NHS England has announced proposals to increase access to virtual wards in a bid to cut avoidable hospital admissions and reduce emergency department (ED) waiting times.

The plan follows an analysis by the Royal College of Emergency Medicine (RCEM), published in April 2024, which found there were nearly 300 deaths a week associated with long emergency care waits in 2023, with more than 1.5 million patients waiting 12 hours or longer.

Under new national guidance backed by £150 million, NHSE is asking hospitals to focus on ensuring patients do not wait beyond 12 hours in the ED.

The plan builds on the ‘Delivery plan for recovering urgent and emergency care services’, published in January 2023, which NHSE says saw the first improvement in the proportion of patients seen within four hours in EDs since 2009, outside of the pandemic.

NHSE set out its ambition in a letter dated 16 May 2024, sent to every integrated care board and NHS trust in England by Sarah-Jane Marsh, national director of urgent and emergency care (UEC) and Dr Julian Redhead, national clinical director for UEC.

The letter lists updated priorities to improve UCE performance in 2024/25, which include ensuring capacity for virtual ward beds is consistently utilised above 80%.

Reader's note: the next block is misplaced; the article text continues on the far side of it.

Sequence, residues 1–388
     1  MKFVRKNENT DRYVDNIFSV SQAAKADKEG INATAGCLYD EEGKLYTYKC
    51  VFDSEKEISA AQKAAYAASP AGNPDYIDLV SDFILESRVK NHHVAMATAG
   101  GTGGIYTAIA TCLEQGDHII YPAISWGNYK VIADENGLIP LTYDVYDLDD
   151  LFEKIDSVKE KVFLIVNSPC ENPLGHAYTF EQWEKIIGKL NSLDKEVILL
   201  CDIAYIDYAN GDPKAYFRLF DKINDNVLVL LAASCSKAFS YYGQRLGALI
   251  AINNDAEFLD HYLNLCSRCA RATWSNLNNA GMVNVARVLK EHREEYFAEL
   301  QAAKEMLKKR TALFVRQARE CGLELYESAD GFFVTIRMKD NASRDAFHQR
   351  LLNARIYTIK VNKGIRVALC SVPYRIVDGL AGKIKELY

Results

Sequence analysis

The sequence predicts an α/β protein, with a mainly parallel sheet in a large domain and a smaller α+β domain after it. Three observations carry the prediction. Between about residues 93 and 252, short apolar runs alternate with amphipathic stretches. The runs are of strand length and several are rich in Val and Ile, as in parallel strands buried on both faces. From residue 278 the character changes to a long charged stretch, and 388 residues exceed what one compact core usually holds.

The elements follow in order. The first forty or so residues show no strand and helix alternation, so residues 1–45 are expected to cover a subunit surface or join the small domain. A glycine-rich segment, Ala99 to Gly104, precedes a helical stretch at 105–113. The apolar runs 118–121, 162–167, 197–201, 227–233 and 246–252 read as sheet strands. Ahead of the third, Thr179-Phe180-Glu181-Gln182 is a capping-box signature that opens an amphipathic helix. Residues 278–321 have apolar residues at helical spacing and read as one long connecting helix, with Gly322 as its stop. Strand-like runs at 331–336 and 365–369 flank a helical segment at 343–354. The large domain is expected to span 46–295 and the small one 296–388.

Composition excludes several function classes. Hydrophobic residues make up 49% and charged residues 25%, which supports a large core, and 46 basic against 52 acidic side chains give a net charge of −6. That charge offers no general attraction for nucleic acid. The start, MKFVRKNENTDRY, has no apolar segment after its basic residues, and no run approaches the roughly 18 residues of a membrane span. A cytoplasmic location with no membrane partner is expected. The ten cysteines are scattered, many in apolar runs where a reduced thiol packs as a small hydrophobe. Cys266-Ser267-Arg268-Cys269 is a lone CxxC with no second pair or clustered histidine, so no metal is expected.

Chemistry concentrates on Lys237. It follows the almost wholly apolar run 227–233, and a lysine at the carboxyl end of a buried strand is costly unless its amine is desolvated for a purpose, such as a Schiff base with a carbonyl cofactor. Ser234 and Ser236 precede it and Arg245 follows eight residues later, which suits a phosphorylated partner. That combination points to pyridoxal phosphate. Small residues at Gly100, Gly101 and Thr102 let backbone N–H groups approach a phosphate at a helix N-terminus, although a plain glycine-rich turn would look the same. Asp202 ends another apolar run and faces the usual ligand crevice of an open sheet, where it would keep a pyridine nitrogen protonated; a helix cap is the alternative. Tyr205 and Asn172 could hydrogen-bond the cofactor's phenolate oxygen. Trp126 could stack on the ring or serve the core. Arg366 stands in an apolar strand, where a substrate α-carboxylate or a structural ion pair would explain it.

It also highlights a focus on access to virtual wards for “frailty, acute respiratory infection, heart failure, and children and young people”.

The letter says that a new “virtual wards operational framework” will be produced in spring/summer 2024 to ensure the benefits of virtual wards can be realised at scale.

In a press release, published on 16 May 2024, Marsh said that “with the rollout of ambitious new measures like more direct referrals to same day emergency care, more ‘step-up’ virtual wards, and targeted support for patients who regularly attend A&E, we are confident this plan can deliver further improvements for patients and continue to bring down the longest waits for care”.

Responding to the plans, Dr Adrian Boyle, president of the RCEM, said in a statement: “Clearly the continued emphasis on improving UEC is welcome, and we are glad to see a focus on addressing long A&E waits. They are dehumanising, degrading and dangerous”.

An NHS evaluation of the effectiveness and benefits of virtual wards in the south east of England, published on 16 May 2024, found that 9,000 hospital admissions were avoided in the south east of England in 2023-2024.

The analysis, carried out by the consultancy PPL concludes that if the south east virtual ward model is scaled up across England, 178,000 admissions could be avoided over the next two years.

However, the analysis found that black and ethnic minority people are consistently underrepresented in virtual ward patient cohorts and recommends “targeted research to understand the barriers to access”.

In October 2023, NHSE announced plans to expand the use of virtual wards to include heart failure patients.